The Saudi national oil company aims to significantly expand its operations in the United States at a critical moment in the always uneasy relations between the U.S. and Saudi Arabia.
HOUSTON — The Saudi national oil company is making a bid to significantly expand its operations in the United States at a critical moment in the always uneasy relations between the United States and Saudi Arabia.
The company, Saudi Aramco, aims to strengthen its position on the Gulf of Mexico coast by buying a large oil refinery in the Houston Ship Channel that LyondellBasell is putting up for sale.
And despite geopolitical tensions between Riyadh and Washington, Saudi Aramco sees the potential acquisition as a way to shore up its exports at a time of erosion in the oil business on which the Saudi economy is still largely reliant.
Because of plunging prices, the value of Saudi oil sales has shrunk in recent years. And Saudi Arabia’s archrival, Iran, is becoming a more potent commercial competitor now that it is exporting substantial quantities of crude.
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Four years ago, Saudi Aramco completed a $10 billion expansion of a giant oil refinery in Port Arthur, Texas, in a joint venture with Royal Dutch Shell called Motiva Enterprises. The converted plant is now the biggest producer of gasoline, diesel and other petroleum products in the United States.
This time, Saudi Aramco wants to do a deal on its own. But its negotiations with LyondellBasell, a Dutch company, come as Congress is moving to allow families of victims of the Sept. 11, 2001, terrorist attacks to sue Saudi Arabia for supposed ties between government officials and the terrorists, most of whom were Saudi citizens. The Obama administration has threatened to veto the measure, although an override is possible.
Saudi officials have denied any role in the attacks and have threatened to sell $750 billion in U.S. assets, including Treasury securities, held by the Saudi government, if the congressional measure moves forward.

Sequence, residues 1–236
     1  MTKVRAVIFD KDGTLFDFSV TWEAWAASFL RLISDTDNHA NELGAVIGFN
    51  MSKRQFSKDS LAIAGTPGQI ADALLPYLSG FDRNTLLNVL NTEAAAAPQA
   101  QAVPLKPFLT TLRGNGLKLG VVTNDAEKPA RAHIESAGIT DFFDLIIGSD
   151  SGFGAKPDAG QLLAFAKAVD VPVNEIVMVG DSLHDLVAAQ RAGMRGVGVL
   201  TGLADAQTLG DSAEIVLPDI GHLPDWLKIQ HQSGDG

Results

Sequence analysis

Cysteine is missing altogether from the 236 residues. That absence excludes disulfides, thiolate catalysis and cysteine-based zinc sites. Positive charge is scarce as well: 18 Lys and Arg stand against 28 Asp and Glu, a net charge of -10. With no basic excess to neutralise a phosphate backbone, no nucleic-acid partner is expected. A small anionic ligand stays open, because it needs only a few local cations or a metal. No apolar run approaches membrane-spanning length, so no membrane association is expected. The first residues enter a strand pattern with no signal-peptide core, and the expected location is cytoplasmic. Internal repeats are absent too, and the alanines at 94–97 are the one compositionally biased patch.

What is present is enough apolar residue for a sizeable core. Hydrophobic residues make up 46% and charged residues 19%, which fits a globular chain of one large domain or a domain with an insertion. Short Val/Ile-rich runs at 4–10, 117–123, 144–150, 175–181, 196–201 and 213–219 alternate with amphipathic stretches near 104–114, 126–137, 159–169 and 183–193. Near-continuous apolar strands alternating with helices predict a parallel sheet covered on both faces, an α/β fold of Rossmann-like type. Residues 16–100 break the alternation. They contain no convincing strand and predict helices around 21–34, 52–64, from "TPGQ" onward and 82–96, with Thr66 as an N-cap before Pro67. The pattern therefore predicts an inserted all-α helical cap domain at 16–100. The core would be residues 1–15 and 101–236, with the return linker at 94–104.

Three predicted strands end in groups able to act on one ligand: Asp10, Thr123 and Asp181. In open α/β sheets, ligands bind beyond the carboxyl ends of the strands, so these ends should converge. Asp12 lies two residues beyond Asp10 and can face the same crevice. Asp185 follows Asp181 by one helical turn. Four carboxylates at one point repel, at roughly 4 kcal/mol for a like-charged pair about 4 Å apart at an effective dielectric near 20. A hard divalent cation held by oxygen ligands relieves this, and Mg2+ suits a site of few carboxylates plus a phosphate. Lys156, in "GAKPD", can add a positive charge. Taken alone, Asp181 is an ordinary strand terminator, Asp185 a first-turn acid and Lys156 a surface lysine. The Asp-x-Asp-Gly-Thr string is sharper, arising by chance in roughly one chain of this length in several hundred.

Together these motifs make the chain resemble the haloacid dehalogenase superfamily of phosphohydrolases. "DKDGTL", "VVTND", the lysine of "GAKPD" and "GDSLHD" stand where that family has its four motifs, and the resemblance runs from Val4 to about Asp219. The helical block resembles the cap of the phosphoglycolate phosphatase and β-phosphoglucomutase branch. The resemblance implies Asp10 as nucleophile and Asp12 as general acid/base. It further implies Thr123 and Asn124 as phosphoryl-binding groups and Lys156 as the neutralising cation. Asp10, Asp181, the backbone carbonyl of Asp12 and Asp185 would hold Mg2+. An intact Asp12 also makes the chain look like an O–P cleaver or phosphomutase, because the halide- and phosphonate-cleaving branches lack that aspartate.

But energy experts say the quiet bid by Saudi Aramco is designed to further protect its share of the U.S. oil market, even as Washington and U.S. oil companies continue efforts to wean the country off foreign oil.
Saudi Aramco did not respond to questions about the bidding. A spokeswoman for LyondellBasell said she had no comment.
Saudi Aramco is in competition for the Lyondell refinery with Texas-based Valero, as well as two big Canadian companies, Suncor and Cenovus.
Energy experts who have been briefed on the negotiations say that Saudi Aramco is a leading contender and that the price for the refinery could be as much as $1.5 billion.
The Lyondell plant has a capacity to refine nearly 270,000 barrels a day of crude, which could increase Saudi Aramco’s capacity to refine its oil on the Gulf Coast by about 50 percent. The refinery produces not only gasoline and other fuels, but also can also produce feedstocks for petrochemical production.
Imports of Saudi crude have been dropping in recent years, from 1.8 million barrels a day in 2003 to 1.1 million barrels a day this year, largely because of the shale drilling boom in Texas and North Dakota.
“It looks like they are doubling down on their U.S. relationship,” said David L. Goldwyn, who was the State Department coordinator for international energy affairs in the first Obama administration.
“It makes economic sense,” Goldwyn said, “because they want to be a global petrochemical power. And it makes political sense because they see a long-term relationship with the U.S. as the kind of strategic assurance they will be seeking from the next administration.”
The Saudi effort is part of an initiative to expand its refining empire as a way to protect its share of the global market.
Saudi Aramco is also negotiating with CNPC, the Chinese state oil company, for the joint construction of a giant refinery in southwestern Yunnan province. It has investments in other refineries in Japan, China, South Korea and Indonesia.
The effort to focus more financial firepower on global refineries is also part of a larger strategy to diversify investments in areas other than drilling for crude oil on the Arabian Peninsula.
A public offering of at least some refineries is being considered to bolster Saudi Aramco’s financial position, even as the company is making a concerted effort to expand production of refined products, including gasoline and diesel.
The Lyondell refinery, one of the largest in the United States, is designed to process low-quality, high-sulfur crude. In recent years, it has mostly processed Mexican crude and Canadian heavy oil from oil sands, but it could just as easily process low-grade Saudi crude that refineries in Europe and Asia are not designed to refine.
U.S. refineries get a competitive edge on world markets from the low costs of U.S. natural gas that produces power for the plants.